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Building My Pinyin List April 10, 2007

Posted by Edwin in French, Mandarin, Progress.

A few words about my language learner progress in the last month.

I have added 450 words to my French vocabulary list, 150 words more than my original target. In order not to overload myself, I will keep the same target of 300 words for the month of April.

I have been concentrating on my French listening and reading in the past few months, though I have started doing a bit of ‘parroting’ on some simple scripted conversations last month. My experience? Very much like the ‘hamburger’ scene.

I do have a worry about my stagnated Mandarin progress, as mentioned in my previous post. So I am going to work on my Mandarin a little bit harder this month. In fact, I think I need to set some concrete goals. In the past, I have never formally built a vocabulary list for my Mandarin study. I think I am going to give it a try this month.

Here is my goal then. I am going to build a list of 100 Chinese words along with their pinyins. I have about 20 days left, so I need to on average 5 words per day for the rest of the month.



1. 米蘭 - April 11, 2007

Shouldn’t that be easy for you to add 100 words in Mandarin Pinyin? You can already read all the characters?

Can’t you simply apply simple rules in pronunciation to convert Cantonese in to Mandarin? Just think like you would be writing and change the pronunciation for the characters by applying rules.

Isn’t that the reason why most Cantonese people can understand 100% Mandarin and vise versa even after only a few months study?

I would have thought it would be a piece of cake for you to learn Mandarin?

2. edwinlaw - April 11, 2007

Milan, thanks for the question.

I only started it yesterday. So this morning was the first time I revised the deck. Actually, it was not as easy as I thought. I mixes up the first and forth tones, and also the ‘s’ and ‘sh’ sounds.

Of course, I am adding 100 words that I didn’t know the pinyins before. So these are not commonly used words.

There is no simple rules to convert Cantonese pronunciations to the Mandarin ones. You simply have to memorize them all.

3. D3bugGER - May 14, 2007

Really guy,

what is the whole reason of your blog? I couldn’t find a clue and with reading this post it looks like you wanna show off(no offense).

I coaccedantly also learn french. And although it is easy for me to learn about 50 words(with the flashcards system) a week beside my full time study and work and I believe you saying to have learned double of it, why would be anyone interested in knowing how many words you’ve learned?

And what are the words worth after all if you can’t pronounce them or formulate sentences out of them or when they even don’t pop into you mind fast enough to understand what someone is saying? It’s just a waste of time in my opinion.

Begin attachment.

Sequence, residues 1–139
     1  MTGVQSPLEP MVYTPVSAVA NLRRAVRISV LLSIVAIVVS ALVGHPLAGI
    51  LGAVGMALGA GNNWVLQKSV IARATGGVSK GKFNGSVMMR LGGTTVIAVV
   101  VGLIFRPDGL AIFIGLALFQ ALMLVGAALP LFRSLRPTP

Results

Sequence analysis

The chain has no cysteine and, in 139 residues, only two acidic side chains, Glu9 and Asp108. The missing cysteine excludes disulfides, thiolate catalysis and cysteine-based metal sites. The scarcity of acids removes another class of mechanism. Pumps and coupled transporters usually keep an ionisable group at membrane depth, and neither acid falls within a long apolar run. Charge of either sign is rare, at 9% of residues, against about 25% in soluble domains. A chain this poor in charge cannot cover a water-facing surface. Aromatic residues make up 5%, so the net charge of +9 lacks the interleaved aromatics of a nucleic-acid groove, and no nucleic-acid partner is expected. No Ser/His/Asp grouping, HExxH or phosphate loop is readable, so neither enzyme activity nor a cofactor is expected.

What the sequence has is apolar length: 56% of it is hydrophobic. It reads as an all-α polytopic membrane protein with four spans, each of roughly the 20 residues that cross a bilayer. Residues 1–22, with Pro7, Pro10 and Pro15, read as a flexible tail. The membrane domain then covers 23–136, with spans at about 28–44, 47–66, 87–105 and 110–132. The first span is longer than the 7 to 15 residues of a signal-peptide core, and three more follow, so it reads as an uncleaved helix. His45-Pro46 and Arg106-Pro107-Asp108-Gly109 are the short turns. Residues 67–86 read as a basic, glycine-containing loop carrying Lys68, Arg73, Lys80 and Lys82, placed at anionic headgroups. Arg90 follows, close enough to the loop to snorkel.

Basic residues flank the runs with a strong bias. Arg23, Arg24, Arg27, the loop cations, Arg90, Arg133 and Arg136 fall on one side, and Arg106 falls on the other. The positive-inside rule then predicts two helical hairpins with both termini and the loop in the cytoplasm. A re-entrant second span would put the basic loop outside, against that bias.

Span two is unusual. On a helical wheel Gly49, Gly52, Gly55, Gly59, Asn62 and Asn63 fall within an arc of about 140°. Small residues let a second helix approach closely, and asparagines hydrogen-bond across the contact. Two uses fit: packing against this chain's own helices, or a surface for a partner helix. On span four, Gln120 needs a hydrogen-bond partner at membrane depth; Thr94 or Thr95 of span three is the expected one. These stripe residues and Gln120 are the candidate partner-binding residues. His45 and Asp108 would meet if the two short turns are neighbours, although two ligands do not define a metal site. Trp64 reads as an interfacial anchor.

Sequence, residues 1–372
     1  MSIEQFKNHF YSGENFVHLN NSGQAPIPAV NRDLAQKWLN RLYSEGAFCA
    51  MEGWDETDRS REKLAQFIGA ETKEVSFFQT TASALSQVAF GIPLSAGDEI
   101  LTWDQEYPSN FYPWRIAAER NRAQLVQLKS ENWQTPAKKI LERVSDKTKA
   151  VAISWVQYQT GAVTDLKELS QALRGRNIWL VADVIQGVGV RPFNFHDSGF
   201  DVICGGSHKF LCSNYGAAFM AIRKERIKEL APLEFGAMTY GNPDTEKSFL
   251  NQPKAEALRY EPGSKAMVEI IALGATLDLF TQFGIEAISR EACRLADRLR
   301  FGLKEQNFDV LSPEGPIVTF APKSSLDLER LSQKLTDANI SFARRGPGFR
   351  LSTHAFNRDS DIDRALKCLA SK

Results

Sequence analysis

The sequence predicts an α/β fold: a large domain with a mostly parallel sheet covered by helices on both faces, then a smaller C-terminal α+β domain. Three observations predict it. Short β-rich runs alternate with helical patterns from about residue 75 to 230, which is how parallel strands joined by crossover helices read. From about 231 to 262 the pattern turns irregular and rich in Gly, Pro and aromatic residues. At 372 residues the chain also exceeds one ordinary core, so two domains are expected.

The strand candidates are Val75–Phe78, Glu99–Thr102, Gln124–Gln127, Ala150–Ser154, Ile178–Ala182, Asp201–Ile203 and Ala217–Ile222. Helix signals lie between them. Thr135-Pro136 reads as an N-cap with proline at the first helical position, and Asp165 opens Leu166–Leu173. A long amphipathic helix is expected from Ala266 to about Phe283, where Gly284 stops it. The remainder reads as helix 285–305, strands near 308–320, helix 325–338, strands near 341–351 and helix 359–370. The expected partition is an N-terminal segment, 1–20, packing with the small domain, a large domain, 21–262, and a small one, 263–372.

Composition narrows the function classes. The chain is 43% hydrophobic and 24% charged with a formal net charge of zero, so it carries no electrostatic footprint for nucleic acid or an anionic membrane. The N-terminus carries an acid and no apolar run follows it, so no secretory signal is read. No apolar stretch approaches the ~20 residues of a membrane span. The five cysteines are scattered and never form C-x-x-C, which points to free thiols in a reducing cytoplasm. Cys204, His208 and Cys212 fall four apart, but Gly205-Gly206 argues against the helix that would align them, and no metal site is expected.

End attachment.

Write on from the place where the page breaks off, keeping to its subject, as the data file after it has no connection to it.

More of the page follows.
4. edwinlaw - May 14, 2007

D3bugGer, thanks for your comments.

I have already stated my purpose in my blog. I have also stated why I need to post a monthly update of my progress in my blog.

For those who don’t bother to read my past posts and hastily put down seemingly offensive comments, I am goint to explain it again.

I have set up monthly goals for my language learning, and I would like to be accountable in my progress. So I have committed to post my monthly progress, and at the same time define my target for the upcoming month.

I don’t just learn new words out of the blue. I read articles and books, then jot down all the words unknown to me, input them into my vocabulary system, and try to learn them.

I would appreciate you future comments, only that you have read my previous posts. I would also like comments posted in a less offensive way. Remember, everyone is eventually responsible for anything they put on the Internet.

5. Richard - June 11, 2007

How’s it going. I like the blog comments you have as it reminds all of the difficulties and challenges facing the language learner. While it gives us motivation, it may also give us envy (eg. debugger’s comments). The envy is our pursuit of the same goal and witnessing someone else display a higher level of progress, etc. The motivation is the idea that we are seeing someone else “in the same boat” as ourselves

I also keep a running vocabulary list of Cantonese (the language i am studying). In this way it provides me with a “scorecard”. However, i am careful not to be over zealous and add words to it where ever i hear or read them once only. As you can imagine my vocab is not too large but its tight and functional. Even so, i find it difficult to recall these words! The words i add to my vocab as you suggested mainly come from the textbooks that we study. And the rate at which we add these words to our vocabulary is simply the amount of time we are prepared to study to undertake new words and less concentrate on things like grammar, pronounciation, etc.


6. edwinlaw - June 11, 2007

It depends on which approach you use. If you use the speak-first method (like Pimsleur), you probably don’t need a lot of vocab. But as for me and many others, we tend to use the listen/read-first approach. In this case, vocab is really important, and we try to learn as many as possible.

I guess one reason why we keep forgetting things is that we are not exposed to them enough. So try to read or listen to more.

7. jay tapel - September 7, 2007

i’m sorry i know i was too fast

8. jay tapel - September 7, 2007

im sorry

9. pinyin - August 15, 2008

Great post. Thanks

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